Police track another kind of speeding when storms threaten
First came radar, body armor and traffic cameras. Then body cameras. Then a drone.
Now, Pawleys Island Police have a BT-100, which measures speed.
“It’s one more tool in our toolkit,” Police Chief Mike Fanning said.
He put it through its paces as Hurricane Nicole moved through the South Atlantic toward Florida earlier this month.
“I’m sure we had winds over 45 (mph) sustained,” Fanning said. “We were definitely getting gusts about that.”
The BT-100 is an anemometer.
Fanning got the idea from former Midway Fire and Rescue Chief Doug Eggiman, whom he had seen with a similar hand-held wind gauge. He bought one online for about $25.
“I figured we could afford it,” Fanning said. “Weather conditions have been more impactful than crime has been on the island of late.”
The town has relied on notices from emergency management agencies about wind conditions during previous storms. He said none were issued for Hurricane Nicole.
“With the weather apps, you get the wind from Winyah Bay or Springmaid Pier,” Fanning said. “It’s good to have on-the-ground knowledge.”
The wind from Hurricane Nicole held the high tide in Pawleys Creek and caused flooding on the roadways. Conditions such as those are one focus of a plan for adapting to sea-level rise that the town is expected to adopt before the end of the year.
“We very much need to adopt it officially because this is what we’re going to use to get grant money,” Mayor Brian Henry told Town Council last week.
It calls for a program of drainage and other infrastructure improvements, mitigation projects and policy changes to address flooding from the creek and from stormwater. Town officials are reviewing a draft, and Henry said he plans to bring it up for a vote in December.
With Hurricane Nicole following Hurricane Ian, he said, “we’re reminded of how important this plan is.”
A proposal to create a King Tide Operations Policy needs to move to the front of the timetable, Henry said.
“We know when these King Tides are coming,” he said. “We know it’s going to flood.”
The next King Tide is due on Thanksgiving. The tides are higher than the spring tides that occur with new and full moons
Police put out information about those conditions on social media to notify residents and visitors. They also put up signs on the roads. Fanning told the council there is also an effort among meteorologists to increase awareness.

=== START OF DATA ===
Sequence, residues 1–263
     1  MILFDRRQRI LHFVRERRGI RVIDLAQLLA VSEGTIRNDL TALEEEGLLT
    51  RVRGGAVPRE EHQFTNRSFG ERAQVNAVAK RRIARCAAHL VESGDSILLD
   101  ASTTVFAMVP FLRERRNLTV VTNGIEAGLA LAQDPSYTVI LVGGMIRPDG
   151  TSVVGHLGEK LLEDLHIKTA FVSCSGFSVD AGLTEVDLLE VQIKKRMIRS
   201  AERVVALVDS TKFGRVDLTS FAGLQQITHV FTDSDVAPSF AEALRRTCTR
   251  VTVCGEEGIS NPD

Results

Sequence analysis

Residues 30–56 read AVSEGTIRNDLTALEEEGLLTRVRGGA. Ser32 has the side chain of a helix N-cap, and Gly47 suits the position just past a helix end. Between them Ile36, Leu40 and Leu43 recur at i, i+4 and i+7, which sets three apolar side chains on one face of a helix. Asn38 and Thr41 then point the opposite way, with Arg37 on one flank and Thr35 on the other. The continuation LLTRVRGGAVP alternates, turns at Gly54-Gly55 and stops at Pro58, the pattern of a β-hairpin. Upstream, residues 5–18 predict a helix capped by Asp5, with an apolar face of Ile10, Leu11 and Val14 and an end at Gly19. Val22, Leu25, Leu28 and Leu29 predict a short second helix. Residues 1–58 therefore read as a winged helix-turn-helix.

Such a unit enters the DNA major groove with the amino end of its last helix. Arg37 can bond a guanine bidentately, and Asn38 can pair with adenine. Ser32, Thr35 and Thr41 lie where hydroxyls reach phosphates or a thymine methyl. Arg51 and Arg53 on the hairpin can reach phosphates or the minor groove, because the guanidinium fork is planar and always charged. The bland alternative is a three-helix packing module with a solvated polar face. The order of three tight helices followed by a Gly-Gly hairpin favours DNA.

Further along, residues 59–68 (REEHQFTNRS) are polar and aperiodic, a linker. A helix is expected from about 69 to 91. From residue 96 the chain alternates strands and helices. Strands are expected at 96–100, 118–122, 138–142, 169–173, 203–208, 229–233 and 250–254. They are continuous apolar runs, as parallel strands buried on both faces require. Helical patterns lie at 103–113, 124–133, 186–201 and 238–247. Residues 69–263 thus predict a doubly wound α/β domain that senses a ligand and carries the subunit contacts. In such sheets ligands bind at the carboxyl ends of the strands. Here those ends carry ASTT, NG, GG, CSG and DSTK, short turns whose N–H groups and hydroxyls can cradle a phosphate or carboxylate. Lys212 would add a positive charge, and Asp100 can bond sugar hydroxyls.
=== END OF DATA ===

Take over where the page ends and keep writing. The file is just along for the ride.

“We can do a lot for ourselves,” Council Member Rocky Holliday said. “When you rely on the weather channels, they’re not here on the ground. They don’t know our weather conditions.”
Fanning said afterward that was his thinking when he bought the anemometer. In fact, he’s been told by the National Weather Service and meteorologists that they rely on others for local conditions.
Holliday said he would like the town to do something about people driving through floodwaters. Last week, he saw one truck drive by his house on Myrtle Avenue pushing water over its hood.
“We have so many joyriders out there,” he said. “They’re just causing erosion.”
It would require police to witness the offense in order to write a ticket, Fanning said, but that would require driving the town’s vehicles in the saltwater.
Even then, he said he was unsure whether the law on driving too fast for conditions would apply.
Mostly, the flooding is an inconvenience more than a threat to safety, Fanning said afterward.
“The water isn’t moving very rapidly,” he said.
But he recalled one incident at night where a car tried to turn around rather than drive through the water. The car ended up driving into the creek.
“They had to climb out the sunroof,” Fanning said.
Flooding also came up during a public hearing on a proposed ordinance that would require review of trees and landscape at new homes by the town’s Architectural Review Board. Ezra Oyer, a north end property owner, suggested the town prohibit using pilings for landscaping. He had seven wash into his yard.
“I don’t think it’s a great idea,” he said.